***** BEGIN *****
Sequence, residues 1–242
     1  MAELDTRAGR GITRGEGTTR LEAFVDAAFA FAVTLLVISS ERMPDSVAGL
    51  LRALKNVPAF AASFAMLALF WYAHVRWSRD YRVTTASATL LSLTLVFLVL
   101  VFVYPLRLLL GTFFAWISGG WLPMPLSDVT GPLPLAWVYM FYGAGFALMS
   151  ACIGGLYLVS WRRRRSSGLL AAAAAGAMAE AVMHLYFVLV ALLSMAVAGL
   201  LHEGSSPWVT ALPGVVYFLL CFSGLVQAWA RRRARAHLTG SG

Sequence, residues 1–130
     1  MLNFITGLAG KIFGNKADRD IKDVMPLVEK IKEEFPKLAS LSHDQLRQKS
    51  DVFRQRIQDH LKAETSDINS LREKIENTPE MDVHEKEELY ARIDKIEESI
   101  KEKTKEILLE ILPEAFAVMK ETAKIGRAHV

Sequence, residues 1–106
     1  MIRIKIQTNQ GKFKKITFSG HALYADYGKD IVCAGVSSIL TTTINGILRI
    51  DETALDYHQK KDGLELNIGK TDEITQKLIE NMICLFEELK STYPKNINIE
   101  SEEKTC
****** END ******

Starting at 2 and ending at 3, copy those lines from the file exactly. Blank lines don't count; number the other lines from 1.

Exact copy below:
     1  MAELDTRAGR GITRGEGTTR LEAFVDAAFA FAVTLLVISS ERMPDSVAGL
    51  LRALKNVPAF AASFAMLALF WYAHVRWSRD YRVTTASATL LSLTLVFLVL